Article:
KABUL - Relief followed Afghanistan's historic presidential election Saturday, which was marked by high voter turnout and attacks by Taliban militants that were fewer than feared.
Election officials are calling the landmark poll, which marks the beginning of country's first democratic transfer of power, a success.
Following a recent spate of attacks by Taliban militants who have long vowed to disrupt Saturday's vote, security was tight across the nation, but the moment everyone was dreading never happened.
Despite some confirmed reports of violence, the Taliban failed to derail the election as millions of Afghans joined the process of choosing a new leader, creating a voter turnout that was so robust some polling stations ran out of ballots.
Walking out of the polling stations under gray skies, voters — men and women, young and old — proudly showed their purple-ink-stained fingers, proof they had voted.
The head of Afghanistan’s Independent Election Commission (IEC), Ahmad Yusuf Nuristani, appeared pleased with the result.
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"Maybe more than seven million people voted," he said. "However, this is a preliminary, rough estimate, so the exact turnout can only be known once all the ballots are counted."
Preliminary results are expected by April 24, and a final tally of the votes is only to be announced May 14. But analysts are already predicting a second-round runoff.
U.S. President Barack Obama issued a statement congratulating the "millions" of Afghans who voted in what he called the "historic" elections. He also paid tribute to Americans who have "sacrificed so much" to make the vote possible.
Obama also called the election critical to securing Afghanistan’s democratic future as well as continued international support.
The United Nations says this year's newly registered voters included 1.3 million women.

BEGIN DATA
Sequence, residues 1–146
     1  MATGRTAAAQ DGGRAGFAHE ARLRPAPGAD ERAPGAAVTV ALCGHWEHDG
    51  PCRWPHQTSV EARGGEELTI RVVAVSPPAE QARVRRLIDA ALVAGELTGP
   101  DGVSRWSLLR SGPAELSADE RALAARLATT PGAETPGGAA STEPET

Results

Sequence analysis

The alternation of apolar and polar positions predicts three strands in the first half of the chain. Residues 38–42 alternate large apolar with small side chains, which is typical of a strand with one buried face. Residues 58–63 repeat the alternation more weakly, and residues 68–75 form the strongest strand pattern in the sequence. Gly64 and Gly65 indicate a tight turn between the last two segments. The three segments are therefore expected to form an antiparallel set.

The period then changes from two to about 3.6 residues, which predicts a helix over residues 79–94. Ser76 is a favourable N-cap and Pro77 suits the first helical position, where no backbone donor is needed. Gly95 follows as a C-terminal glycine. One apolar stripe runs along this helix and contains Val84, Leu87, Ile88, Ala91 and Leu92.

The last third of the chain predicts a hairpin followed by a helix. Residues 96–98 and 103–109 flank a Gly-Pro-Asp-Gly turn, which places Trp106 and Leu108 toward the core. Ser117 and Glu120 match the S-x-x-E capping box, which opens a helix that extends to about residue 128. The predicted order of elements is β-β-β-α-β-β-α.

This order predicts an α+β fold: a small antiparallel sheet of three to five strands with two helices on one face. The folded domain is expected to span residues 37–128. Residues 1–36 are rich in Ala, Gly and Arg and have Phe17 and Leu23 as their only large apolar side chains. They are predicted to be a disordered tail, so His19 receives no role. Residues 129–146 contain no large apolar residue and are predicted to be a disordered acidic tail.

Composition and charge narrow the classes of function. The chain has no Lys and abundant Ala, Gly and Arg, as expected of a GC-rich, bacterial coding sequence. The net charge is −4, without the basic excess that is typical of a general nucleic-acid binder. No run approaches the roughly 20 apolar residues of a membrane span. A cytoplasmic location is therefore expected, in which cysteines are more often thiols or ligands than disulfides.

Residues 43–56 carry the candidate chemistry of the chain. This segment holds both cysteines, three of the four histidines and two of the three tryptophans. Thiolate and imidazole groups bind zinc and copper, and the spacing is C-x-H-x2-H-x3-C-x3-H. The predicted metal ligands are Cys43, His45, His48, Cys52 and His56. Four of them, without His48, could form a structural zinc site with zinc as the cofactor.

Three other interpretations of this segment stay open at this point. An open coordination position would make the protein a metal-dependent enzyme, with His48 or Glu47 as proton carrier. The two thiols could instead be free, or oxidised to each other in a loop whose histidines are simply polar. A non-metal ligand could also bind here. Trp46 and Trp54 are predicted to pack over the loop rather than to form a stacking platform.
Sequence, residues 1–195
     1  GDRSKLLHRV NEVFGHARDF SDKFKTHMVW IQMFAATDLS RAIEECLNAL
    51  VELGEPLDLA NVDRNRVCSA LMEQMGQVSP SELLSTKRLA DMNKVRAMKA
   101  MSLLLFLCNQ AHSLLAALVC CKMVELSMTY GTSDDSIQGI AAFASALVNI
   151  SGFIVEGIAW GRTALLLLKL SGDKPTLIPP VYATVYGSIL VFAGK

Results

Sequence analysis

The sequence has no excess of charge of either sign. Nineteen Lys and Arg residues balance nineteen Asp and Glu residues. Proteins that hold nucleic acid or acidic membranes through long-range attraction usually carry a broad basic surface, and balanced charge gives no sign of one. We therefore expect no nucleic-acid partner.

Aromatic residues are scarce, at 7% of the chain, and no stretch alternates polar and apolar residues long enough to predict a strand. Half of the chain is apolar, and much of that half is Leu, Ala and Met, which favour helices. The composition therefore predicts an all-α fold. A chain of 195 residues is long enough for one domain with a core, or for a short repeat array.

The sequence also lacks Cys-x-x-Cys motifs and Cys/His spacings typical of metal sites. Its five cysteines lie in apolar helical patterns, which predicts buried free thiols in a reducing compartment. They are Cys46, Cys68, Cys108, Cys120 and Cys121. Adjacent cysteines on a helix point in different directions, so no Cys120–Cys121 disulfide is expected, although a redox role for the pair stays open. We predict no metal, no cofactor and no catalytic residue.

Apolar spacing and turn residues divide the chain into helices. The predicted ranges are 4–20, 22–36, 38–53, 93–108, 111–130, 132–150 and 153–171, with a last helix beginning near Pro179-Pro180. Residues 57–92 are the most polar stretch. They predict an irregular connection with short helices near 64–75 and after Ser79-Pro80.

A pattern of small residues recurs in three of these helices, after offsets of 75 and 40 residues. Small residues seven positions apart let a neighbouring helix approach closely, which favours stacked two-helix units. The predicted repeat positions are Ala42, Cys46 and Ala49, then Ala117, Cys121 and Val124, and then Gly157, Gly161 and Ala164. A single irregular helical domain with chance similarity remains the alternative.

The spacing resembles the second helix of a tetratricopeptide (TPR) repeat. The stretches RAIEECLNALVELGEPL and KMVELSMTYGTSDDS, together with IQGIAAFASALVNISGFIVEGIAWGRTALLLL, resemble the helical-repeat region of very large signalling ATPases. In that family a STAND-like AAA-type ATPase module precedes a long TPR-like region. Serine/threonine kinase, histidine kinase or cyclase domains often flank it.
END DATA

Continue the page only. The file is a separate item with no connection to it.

Dressed in traditional blue burqas or more Western suits, hundreds of Afghans from all backgrounds filed past heavy security and were searched by military personnel before crowding into polling stations to cast their ballots.
Once in, women and men entered different rooms to fill out large paper ballots, hopeful their votes will help bring peace and jobs to Afghanistan after years of war.
Haji Bibi, a 94-year-old woman almost bent double with age, was helped to a chair outside after having cast her ballot.
She said she is waiting for better things to come in life, and wishing for a peaceful life for the country, and that young and old people alike should vote for peace and security.
Sohila Sahar arrived at the polling station to vote covered in a pale purple scarf and holding her young daughter's hand. She said she is proud of her nation.
"I am very happy when I see all this around me, that all these people came out and want to elect their next leader through the ballot box," she said. "I am really happy. My message is that all women in all the villages should go and vote and elect their leaders. This is their God-given right."
Reports of violence
After Afghanistan's roughly 6,200 polling stations finally closed late in the day, the relief in Kabul was almost palpable, and the heavy security presence on the streets began to ease.
In the days and weeks preceding election day, the Taliban's plan to derail the vote had been defined by violent attacks — attacks whose casualties included election officials, police, candidates, journalists and other civilians.